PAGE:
• Standing on one foot with eyes closed: If you can, lift one foot off the floor and balance on one leg. Hold on to something until you feel safe letting go. Again, remember to put your weight over your big toe. Letting your weight fall to the outside of your foot will throw you off.

As time goes on, and your balance improves, you can incorporate these gentle exercises into daily life. Try brushing your teeth with your eyes closed. Try standing in line at the grocery store eyes closed, or raising and lowering your heels. If your neighbor looks at you funny, don’t worry, you won’t see them!

I have seen great improvements in my clients’ balance over time, repeating variations on these simple exercises once or twice a week. You can invent your own exercises as well. The goal is just to improve your ability to feel your feet — anything that serves that end works. If you are dorky like me, both the exercise invention and practice is a lot of fun, and the improvement in balance is its own reward.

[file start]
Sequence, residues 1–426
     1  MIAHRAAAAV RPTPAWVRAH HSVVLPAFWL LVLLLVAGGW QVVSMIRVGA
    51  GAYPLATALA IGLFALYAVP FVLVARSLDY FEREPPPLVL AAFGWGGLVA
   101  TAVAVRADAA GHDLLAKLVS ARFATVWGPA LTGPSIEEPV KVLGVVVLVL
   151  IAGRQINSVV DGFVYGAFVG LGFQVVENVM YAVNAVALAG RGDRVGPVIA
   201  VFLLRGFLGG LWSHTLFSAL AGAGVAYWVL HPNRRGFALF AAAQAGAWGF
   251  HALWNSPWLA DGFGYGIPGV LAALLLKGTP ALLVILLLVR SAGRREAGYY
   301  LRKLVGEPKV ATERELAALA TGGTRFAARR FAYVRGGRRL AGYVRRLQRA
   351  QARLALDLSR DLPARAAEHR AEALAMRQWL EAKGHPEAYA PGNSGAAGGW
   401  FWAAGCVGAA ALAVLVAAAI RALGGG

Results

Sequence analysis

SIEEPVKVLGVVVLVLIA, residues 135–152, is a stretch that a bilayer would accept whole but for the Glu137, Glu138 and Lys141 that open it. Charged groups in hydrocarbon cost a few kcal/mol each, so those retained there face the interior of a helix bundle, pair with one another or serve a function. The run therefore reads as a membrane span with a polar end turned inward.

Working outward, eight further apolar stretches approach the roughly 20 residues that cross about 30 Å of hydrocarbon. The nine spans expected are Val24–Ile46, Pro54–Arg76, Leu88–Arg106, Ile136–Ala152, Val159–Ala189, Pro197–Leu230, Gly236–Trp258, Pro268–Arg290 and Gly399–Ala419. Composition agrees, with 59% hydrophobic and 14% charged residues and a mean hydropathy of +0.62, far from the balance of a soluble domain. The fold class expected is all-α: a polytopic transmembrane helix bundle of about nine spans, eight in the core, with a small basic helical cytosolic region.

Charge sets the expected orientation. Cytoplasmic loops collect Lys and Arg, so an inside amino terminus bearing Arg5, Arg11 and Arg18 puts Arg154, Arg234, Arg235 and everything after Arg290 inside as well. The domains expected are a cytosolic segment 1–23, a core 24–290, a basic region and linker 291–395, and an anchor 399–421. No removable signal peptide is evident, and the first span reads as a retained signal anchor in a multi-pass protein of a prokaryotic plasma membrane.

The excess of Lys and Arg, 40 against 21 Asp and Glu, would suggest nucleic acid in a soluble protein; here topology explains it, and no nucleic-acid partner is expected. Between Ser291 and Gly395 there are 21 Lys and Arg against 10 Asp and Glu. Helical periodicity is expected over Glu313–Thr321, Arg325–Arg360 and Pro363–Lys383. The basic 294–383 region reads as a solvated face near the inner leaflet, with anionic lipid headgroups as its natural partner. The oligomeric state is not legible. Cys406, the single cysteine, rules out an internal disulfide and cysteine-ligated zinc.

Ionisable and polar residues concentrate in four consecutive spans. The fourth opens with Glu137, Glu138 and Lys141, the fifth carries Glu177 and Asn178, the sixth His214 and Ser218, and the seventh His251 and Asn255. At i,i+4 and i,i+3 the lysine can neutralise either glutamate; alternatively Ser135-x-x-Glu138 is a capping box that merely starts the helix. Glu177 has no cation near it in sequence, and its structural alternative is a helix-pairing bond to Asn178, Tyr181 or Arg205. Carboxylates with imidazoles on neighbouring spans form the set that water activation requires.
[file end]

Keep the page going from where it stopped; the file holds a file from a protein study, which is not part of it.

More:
Shona Curley lives and works in San Francisco. She is co-owner of the studio Hasti Pilates, and creator of the website www.redkitemeditations.com. Shona teaches meditation, bodywork and movement practices for healing Lyme disease, chronic illness and pain.




Goble DJ, Coxon JP, Van Impe A, et al. Brain Activity during Ankle Proprioceptive Stimulation Predicts Balance Performance in Young and Older Adults. The Journal of Neuroscience. 9 November 2011; 31 (45): 16344-16352. doi: 10.1523/JNEUROSCI.4159-11

Kavounoudias A, Roll R, Roll JP. The plantar sole is a ‘dynamometric map’ for human balance control. Neuroreport. 998 Oct 5; 9(14): 3247-52. doi: 10.1097/00001756-199810050-00021